As the reader goes with Jamie Blaine from one life in crisis to another, he cannot but be reminded of Mother Teresa who went out into the streets of Calcutta, India, seeking those who suffer unseen by the multitude surrounding them. What compels Christians like Mother Teresa and Jamie Blaine? Blaine explains it this way:
“Jesus said whatever you do for the least of my brothers and sisters, you do for me. So when I go see the guy in jail who is crying and kicking the wall, I think, There’s Jesus. And if he’s eating screws and he curses and throws his shoes at me, well, maybe it’s more like, Okay, that’s Jesus’ little brother. Still. Better be patient. Be kind.
“When I drive up at four in the morning to see some woman babbling to aliens and doing the tango hustle through her neighbor’s yard with tinfoil wrapped around her head and no pants on, There’s Jesus. Or at least his little sister. So find her some pants and bring her cold water. Sit on the back steps and listen to whatever story she needs to tell. Do the best I can to help her get from where she is to where she needs to be. Because someday Jesus will meet me just outside the gate, and I don’t think he’s going to ask where I went to church or how many Bible verses I memorized. He’s going to say, “Where were you when I was sick? When I was in jail? How about when I was hungry? Where were you when I lost my mind?” (pp. 196-197)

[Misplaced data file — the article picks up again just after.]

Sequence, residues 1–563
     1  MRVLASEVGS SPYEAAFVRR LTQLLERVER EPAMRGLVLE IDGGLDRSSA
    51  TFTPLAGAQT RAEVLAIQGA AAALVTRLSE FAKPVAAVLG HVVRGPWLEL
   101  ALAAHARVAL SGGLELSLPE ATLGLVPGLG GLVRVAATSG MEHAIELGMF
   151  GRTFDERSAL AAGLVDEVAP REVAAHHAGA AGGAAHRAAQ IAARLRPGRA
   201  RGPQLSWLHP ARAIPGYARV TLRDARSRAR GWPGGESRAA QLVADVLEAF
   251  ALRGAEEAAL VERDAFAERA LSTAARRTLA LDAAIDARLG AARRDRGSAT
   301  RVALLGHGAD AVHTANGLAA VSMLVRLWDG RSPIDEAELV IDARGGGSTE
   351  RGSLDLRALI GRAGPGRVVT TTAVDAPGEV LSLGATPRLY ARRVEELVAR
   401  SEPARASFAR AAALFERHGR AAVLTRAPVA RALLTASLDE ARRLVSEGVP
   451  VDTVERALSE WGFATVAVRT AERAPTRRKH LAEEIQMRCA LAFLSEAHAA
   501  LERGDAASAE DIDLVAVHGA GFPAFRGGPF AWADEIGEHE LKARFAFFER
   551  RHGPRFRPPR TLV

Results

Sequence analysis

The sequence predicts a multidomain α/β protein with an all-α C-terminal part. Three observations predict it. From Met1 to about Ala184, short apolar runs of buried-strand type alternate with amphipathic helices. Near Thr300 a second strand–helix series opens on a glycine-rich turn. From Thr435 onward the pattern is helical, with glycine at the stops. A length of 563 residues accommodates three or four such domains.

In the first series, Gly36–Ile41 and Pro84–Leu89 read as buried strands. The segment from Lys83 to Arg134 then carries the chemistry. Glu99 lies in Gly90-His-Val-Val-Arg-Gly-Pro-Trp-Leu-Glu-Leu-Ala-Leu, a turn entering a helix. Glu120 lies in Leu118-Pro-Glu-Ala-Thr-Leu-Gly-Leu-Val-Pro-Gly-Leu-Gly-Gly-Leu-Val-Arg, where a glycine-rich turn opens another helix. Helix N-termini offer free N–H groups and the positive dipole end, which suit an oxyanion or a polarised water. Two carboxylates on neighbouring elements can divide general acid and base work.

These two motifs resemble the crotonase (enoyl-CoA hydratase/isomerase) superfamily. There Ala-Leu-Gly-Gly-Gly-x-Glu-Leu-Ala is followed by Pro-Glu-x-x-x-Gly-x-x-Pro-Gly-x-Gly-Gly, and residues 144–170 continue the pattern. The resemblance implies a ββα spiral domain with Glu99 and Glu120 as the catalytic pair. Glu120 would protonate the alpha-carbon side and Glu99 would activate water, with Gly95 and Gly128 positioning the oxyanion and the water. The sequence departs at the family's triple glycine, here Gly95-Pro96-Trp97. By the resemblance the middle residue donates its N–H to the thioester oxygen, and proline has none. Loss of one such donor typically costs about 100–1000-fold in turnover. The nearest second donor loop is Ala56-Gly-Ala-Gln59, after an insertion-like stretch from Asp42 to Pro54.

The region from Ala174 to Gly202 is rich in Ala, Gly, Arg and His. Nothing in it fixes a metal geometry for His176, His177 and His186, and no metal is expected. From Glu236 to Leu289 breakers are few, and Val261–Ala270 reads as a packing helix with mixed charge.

Waiting curbside with a drunk for a hospital van to come and pick the poor man up, Blaine hears the Gospel in the form he, the drunk, has tried to fit to his life:
“You ever just look around at life and wonder what in the world is goin’ on down here?”
“Sure. Who don’t?”
“Exactly. Even in the Bible, son. Every one of them characters in that book wondered the same thing at one point or another. If you ain’t ever really read it close, check it out seometime. See for yourself.”
“All right,” I tell him. “I’ll check it out.”